The autumn weekend meeting was held on 28-29 October in the Department of Botany, Royal Holloway College, by kind permission of Professor K. Wilson. On the Saturday, papers were read under the chairmanship of the President, Mrs J. Appleyard. Summaries are given below.
Dr E. V. Watson: ‘Reflections on some difficult or controversial species in the genus Pohlia.’
Following a short introduction which dealt with fundamental questions relating to the determination of bryophyte material, an outline was given of the present position as regards several distinct ‘situations’ in Pohlia, where the relationships between the British species are imperfectly understood. The following were briefly discussed: (1) Relationship between Pohlia acuminata, P. polymorpha and P. elongata. (2) Pohlia nutans and its allies, with special reference to the dioecious species P. sphagnicola and P. marchica. Attention was drawn to some plants which had been collected by Dr E. F. Warburg on Berkshire commons and provisionally referred by him to P. marchica – not hitherto recognized as a British species. (3) Some relatively easily recognized species, P. cruda, P. crudoides (non-British) and P. ludwigii. (4) Gemmiferous Pohlia species, with special reference to the varied interpretations of the P. annotina – P. proligera boundary line. (5) P. pulchella and P. lutescens, the former recently recognized, the latter about to be published as British species. (6) The subgenus Mniobryum, with brief reference to the varieties calcarea and glacialis of P. wahlenbergii. Most of the remarks were of a tentative nature, pending more detailed work on the genus.
Dr P. J. Grubb: ‘Uptake and redistribution of mineral nutrients in Polytrichum formosum, latest facts and theories.’
Evidence was presented for the existence of a selective system of uptake for cations between the soil and the shoot. The experiments previously described as showing no evidence of this type (cf. Trans. Br. bryol. Soc. 1961, 4 , 184; 1965, 4 , 900.) were reconciled with the present evidence by assuming that some damage results in the rhizome system from washing out from soil and/or the use of too simple salt solutions. Evidence was also presented for the redistribution of potassium, nitrogen and phosphorus from old regions to new. Calculations have shown that this occurs too fast to be accounted for by diffusion alone. Movement within the symplasm is likely to be most important in most mosses; in Polytrichum and a few others the leptome may be important. The primary selective system of uptake from soil to shoot might work either via the symplasm of the shoot as a whole or via the rhizome cortex alone, followed by passive movement in the hydrome.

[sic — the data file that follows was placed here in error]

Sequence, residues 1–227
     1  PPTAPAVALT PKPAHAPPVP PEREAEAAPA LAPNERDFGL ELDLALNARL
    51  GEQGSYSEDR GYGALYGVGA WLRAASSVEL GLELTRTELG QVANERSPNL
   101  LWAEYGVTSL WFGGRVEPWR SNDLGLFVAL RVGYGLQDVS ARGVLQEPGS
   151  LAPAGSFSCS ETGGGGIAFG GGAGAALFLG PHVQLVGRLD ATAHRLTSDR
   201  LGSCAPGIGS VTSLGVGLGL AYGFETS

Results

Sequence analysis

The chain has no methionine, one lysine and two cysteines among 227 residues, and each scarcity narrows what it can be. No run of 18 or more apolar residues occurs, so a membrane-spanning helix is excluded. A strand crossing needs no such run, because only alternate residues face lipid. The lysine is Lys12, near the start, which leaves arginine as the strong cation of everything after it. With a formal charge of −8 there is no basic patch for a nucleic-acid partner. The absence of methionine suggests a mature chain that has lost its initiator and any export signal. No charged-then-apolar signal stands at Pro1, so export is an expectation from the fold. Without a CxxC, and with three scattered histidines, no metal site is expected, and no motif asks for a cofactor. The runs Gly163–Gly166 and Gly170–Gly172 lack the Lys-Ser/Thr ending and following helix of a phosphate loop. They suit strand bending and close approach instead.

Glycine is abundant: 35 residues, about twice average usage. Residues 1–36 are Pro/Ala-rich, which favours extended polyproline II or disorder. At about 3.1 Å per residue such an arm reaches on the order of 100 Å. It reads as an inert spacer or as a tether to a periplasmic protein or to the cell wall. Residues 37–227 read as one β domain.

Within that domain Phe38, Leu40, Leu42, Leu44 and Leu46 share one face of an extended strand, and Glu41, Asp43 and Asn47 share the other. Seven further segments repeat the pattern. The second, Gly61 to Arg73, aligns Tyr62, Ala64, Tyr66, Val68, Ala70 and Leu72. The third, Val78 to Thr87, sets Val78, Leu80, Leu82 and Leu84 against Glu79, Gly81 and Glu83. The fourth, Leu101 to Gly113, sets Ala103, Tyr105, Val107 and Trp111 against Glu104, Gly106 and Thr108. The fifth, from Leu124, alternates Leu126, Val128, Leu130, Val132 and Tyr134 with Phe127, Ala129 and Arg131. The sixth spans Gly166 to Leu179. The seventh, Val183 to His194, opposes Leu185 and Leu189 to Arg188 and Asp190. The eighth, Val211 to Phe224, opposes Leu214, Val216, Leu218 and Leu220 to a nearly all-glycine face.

Dr A. Eddy: ‘Bryophytes of New Guinea’.
Dr E. Lodge: ‘Epiphyllous bryophyte communities of Jamaica’.
Various general features of the biology of epiphyllous bryophytes were briefly reviewed and the distribution of these organisms in Jamaica was considered in relation to its forest types. An examination of a large number of ‘host’ leaves has revealed that a rich flora of epiphyllous bryophytes, comparable with that reported for Guadeloupe and Martinique by Jovet-Ast, is to be found on the island. So far, fifty-seven epiphyllous species (mostly belonging to the Lejeuneaceae) have been identified, twenty-five of these representing additions to the known bryophyte flora of Jamaica. Individual leaves of ‘host’ plants may be treated as relevés for phytosociological analysis, the epiphylls occurring on each one being listed and their cover-abundance assessed, using the ten-point Domin scale. Preliminary attempts to synthesize these data have indicated that several associations of epiphyllae may be represented in Jamaica. Some of the more clearly defined of these were described and illustrated by colour transparencies.
Dr D. H. Lewis: ‘The distribution of sugar alcohols in bryophytes and its possible taxonomic significance.’